The plane is on time so there should be no trouble making the connection and I have time to stroll from B concourse to E through one of my favourite airports in the world. The main hub from which each concourse radiate, is a mainly glass covered atrium, with trees growing, birds flying about and white rocking chairs as seating. It’s very Southern. I’d expect the McDonalds concession to be serving McJuleps.
The second flight of the day is on a tiny jet and takes us across the Smoky Mountains to Knoxville, Tennessee. Again the view is astounding and I can only guess how it must have looked a month ago. I’ve driven in the Smoky Mountains in the Fall before and I think they give New England a run for its money.
The airport at Knoxville is gloriously small and within 15 minutes of getting off the plane, I’m getting into my next hire car: a Nissan Xtera.
The journey into Pigeon Forge is about 45 minutes, and all of the time the purple outline of the mountains sit on the horizon.
And then I am there. Pigeon Forge. How to explain it? Pigeon Forge sits on the edge of the Smoky Mountain National Park and is basically a strip in a Vegas sort of way. As you drive into the town there is a white mansion, with pillars and a portico over the main entrance. Nothing odd in that, except it is upside down. Further along is the Titanic. I mean, the Titanic! Sailing on, water splashing over the prow, iceberg firmly attached to the starboard side. On the other side of the street King Kong towers over the street, clinging onto the New York skyline with one hand, clinging onto a bi plane with the other.
Oh, and it is the location for Dollywood, the Dolly Parton Theme Park.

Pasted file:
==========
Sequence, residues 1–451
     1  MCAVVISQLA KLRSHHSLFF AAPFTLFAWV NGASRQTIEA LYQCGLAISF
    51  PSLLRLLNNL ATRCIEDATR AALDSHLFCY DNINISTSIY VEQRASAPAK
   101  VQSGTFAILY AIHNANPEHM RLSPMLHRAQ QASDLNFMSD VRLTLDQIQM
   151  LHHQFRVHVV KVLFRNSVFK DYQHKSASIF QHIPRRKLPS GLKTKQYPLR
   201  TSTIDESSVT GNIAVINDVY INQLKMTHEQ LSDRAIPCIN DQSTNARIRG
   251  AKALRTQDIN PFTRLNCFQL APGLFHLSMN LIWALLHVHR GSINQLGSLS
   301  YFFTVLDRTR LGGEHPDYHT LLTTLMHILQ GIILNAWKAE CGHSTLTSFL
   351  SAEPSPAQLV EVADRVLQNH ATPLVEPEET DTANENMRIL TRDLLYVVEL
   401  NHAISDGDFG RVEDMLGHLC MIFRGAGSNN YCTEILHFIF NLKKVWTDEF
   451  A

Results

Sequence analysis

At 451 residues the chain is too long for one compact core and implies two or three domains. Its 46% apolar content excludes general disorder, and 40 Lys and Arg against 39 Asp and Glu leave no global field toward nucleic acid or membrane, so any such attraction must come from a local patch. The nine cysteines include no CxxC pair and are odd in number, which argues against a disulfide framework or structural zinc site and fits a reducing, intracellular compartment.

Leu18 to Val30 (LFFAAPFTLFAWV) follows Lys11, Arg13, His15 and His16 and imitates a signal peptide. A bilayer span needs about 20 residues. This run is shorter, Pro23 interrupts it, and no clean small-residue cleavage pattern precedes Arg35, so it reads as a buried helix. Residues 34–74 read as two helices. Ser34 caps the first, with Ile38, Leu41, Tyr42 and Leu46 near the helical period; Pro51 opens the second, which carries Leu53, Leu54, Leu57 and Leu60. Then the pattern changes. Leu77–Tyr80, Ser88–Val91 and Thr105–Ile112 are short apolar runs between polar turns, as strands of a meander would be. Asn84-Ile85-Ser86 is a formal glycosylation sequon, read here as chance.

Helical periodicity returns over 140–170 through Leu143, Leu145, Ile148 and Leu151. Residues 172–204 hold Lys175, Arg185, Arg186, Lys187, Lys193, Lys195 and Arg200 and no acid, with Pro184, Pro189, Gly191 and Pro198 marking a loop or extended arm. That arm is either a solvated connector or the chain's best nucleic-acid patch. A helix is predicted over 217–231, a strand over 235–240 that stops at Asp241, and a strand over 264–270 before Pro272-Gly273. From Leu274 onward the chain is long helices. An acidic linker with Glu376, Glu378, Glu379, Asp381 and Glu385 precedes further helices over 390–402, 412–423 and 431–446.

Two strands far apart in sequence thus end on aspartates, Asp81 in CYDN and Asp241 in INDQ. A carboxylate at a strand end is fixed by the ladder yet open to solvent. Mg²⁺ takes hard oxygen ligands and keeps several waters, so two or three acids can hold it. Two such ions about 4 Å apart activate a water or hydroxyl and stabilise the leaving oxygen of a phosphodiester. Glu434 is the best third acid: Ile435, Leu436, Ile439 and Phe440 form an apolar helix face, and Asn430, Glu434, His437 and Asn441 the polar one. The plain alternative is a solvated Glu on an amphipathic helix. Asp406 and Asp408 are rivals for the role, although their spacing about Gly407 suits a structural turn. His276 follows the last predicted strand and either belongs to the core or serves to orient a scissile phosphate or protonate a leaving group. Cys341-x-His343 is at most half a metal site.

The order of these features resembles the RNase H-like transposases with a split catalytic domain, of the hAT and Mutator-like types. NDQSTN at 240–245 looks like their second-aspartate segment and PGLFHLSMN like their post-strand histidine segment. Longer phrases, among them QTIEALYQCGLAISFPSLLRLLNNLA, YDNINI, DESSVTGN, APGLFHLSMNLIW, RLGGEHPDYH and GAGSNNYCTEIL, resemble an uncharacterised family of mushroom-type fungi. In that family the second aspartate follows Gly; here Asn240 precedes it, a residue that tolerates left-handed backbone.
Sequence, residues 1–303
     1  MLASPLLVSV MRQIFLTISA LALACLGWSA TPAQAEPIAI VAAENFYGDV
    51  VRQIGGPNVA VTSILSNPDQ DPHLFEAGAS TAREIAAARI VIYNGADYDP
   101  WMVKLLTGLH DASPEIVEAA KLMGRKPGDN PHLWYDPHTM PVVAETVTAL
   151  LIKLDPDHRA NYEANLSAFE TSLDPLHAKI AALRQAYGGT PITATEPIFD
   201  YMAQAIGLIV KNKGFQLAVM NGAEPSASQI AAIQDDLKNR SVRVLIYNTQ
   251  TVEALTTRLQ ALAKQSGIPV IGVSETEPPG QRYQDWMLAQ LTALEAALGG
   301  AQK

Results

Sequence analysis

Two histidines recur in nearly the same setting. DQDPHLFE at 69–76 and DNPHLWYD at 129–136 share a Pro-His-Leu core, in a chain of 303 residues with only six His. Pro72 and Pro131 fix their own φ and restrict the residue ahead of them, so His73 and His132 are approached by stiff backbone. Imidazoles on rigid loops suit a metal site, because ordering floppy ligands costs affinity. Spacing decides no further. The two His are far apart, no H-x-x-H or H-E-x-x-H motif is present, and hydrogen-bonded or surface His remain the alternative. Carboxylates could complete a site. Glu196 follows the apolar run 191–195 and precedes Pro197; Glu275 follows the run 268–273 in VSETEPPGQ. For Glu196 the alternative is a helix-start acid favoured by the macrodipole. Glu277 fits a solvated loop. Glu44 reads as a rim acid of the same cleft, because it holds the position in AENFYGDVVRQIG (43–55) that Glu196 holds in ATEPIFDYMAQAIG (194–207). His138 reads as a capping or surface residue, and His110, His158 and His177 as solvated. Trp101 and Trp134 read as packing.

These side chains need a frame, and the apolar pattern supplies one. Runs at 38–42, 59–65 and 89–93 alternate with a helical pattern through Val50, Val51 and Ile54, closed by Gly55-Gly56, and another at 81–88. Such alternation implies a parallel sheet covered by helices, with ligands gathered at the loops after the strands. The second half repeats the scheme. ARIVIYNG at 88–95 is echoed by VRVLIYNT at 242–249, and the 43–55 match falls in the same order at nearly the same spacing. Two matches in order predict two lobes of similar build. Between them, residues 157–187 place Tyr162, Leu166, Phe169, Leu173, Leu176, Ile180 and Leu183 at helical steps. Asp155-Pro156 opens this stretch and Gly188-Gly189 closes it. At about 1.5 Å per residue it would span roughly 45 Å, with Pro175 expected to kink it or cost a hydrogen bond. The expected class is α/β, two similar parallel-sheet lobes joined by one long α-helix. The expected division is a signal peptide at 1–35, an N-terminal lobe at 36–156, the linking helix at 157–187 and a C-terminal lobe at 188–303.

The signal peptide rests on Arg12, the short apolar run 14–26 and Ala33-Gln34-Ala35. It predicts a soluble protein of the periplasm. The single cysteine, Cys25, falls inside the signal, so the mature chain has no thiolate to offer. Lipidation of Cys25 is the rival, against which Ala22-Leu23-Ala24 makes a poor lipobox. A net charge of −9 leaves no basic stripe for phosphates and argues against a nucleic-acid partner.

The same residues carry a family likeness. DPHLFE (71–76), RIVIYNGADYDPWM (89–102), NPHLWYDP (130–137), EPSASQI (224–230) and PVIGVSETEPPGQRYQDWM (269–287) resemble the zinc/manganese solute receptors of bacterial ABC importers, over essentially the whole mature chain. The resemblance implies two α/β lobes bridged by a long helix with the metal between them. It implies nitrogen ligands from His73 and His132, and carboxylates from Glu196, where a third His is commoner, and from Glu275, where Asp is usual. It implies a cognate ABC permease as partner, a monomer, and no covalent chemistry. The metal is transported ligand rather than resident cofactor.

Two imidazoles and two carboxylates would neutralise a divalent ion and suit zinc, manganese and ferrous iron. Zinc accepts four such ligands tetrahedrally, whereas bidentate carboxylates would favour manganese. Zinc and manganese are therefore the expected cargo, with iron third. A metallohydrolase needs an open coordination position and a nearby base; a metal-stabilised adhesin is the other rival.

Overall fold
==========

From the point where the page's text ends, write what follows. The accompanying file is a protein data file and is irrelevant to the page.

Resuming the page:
I love it!
I have been coming here for 4 years now (twice last year) and always enjoy returning. I admit on my first visit I was appalled, as many of you may be reading my description but there is a sense of joy here and a huge sense of friendliness. It is, after all, in Tennessee with its good ol’ southern hospitality.
I am engaged by The Incredible Christmas Place, which is a huge store selling EVERYTHING Christmas. The store grew to be so popular that the owners built a hotel across the street called The Inn at Christmas Place and that is where I will be staying and performing for the next 2 days.
I arrive at 1.30, for a 1.30 sound check.
The welcome is so warm. No, actually, that’s wrong. It’s not warm in a ‘welcome to our hotel, have a nice day’ sense. It is if I’m a member of the team here, just turning up for work. ‘Hi Gerald, great to see you! You want to drop those bags here? Kristy is downstairs, go and say hi! Anything we can do?’ However tired I may be feeling, the whole atmosphere is energising.
I go down to the lower floor where my contact here, Kristy Elder, is putting the final touches to the ‘theatre’. It is actually a breakfast room for the hotel but Kristy and her team are expert at decorating and creating Christmas scenes, so the room has been transformed. The set has a huge fireplace and mantelpiece, with a chiming clock on top. There are Christmas garlands and a lavishly decorated tree. We’ve done this 4 times before so there is nothing to be discussed or changed really and being a small room I do not need a microphone, so there is no technical stuff to be sorted either.